Those of you who have emails like email@example.com may not get the importance of this, but those of us who have our real name as our email address know what a treasure it is to own that little piece of internet real estate.
When my name was Stephanie Johnson I didn’t stand a chance.
There are five gajillion Stephanie Johnsons in Arkansas alone, so my Gmail address was (and still is because I still have it) ridiculously long and terribly hard to remember for people who don’t know me that well.
When I became Stephanie McCratic things got a little easier.
I’m not sure there is another Stephanie McCratic in this world. If there is, I bet she lives in Lincoln, Arkansas, though. Somehow the McCratics seem to have contained themselves geographically.
The other day Steve told me he had secured our daughter’s name and several variations thereof for her as Gmail accounts.
I married a smart man, y’all. He also got her a .me (or .icloud or .mac or whatever the current Apple email structure is). Fancy!
Assuming Google is still alive and well in a few years, we will probably give those email addresses to our now three-year-old as a birthday gift.
For what birthday I’m not sure. 10? 13? 7? I don’t know, but at least she won’t have to come up with something like firstname.lastname@example.org.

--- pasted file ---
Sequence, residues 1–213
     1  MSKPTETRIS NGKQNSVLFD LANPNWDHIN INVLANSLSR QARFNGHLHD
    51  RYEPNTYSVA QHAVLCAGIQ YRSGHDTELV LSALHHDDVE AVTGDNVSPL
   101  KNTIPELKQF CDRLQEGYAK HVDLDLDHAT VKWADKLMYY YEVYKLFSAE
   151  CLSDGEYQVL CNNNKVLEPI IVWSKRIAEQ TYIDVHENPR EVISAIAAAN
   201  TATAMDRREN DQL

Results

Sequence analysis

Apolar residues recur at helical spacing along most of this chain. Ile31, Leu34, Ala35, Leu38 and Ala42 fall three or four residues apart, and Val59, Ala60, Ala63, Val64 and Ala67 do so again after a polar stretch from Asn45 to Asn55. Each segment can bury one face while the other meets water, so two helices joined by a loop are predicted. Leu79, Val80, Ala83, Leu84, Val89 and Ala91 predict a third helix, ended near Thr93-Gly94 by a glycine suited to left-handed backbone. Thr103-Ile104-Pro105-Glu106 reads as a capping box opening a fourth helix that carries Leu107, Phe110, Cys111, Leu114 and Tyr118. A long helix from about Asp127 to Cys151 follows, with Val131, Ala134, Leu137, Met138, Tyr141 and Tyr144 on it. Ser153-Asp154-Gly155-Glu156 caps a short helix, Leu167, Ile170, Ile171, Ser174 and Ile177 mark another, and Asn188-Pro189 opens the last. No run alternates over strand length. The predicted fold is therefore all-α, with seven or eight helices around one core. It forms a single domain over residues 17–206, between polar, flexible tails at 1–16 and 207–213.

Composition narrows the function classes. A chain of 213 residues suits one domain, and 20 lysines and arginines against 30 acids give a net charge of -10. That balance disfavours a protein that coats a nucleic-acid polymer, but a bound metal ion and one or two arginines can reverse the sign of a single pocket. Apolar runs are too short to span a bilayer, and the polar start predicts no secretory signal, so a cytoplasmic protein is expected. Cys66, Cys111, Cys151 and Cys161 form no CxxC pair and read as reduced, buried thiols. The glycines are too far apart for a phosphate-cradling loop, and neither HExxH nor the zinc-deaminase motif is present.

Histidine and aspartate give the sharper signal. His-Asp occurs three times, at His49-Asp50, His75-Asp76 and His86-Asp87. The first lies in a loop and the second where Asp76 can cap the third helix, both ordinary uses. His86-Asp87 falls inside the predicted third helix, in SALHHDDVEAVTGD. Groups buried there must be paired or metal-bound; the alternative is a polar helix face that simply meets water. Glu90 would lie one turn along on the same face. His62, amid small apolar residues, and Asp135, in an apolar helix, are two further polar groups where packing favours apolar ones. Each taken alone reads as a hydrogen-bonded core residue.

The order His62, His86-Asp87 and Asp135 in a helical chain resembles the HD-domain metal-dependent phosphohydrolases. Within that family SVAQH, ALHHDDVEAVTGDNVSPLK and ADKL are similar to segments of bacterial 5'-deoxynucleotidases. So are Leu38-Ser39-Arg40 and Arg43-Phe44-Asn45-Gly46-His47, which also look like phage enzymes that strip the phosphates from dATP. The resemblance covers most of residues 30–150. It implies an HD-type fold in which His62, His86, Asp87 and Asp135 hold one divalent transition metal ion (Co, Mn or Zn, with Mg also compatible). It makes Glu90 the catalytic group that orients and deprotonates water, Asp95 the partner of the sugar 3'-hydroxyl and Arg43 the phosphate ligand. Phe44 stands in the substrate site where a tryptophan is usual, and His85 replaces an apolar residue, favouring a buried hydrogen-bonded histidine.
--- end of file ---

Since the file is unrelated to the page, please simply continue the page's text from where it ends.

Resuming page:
Our daughter’s name is fairly unique, but just in case we went ahead and bought her domain name (or URL), too. You can register domain names for up to 10 years at a time.
I’m thinking this would make a fun baby shower gift, but I could be wrong on that one. Maybe that’s weird to buy someone else a domain name.
Either way, you should at least consider taking care of your own kids and family.
If your baby has an adorable name like Grace Ann Smith and that .com is available SNATCH IT UP because if you don’t Grace Ann Smith down the road has a daddy who is just as geeky fabulous as my husband.
Before you know it that URL will be gone and your little princess will have to be GraceAnnfromChicago.blogspot.com instead of the much cuter GraceAnnSmith.com.
If you get your child a domain there are free tools you can use to put a generic message up if you’d like, but you don’t have to put anything at all on the domain.
Just be sure to keep that login info in an app like 1Password or on a piece of paper in your lockbox.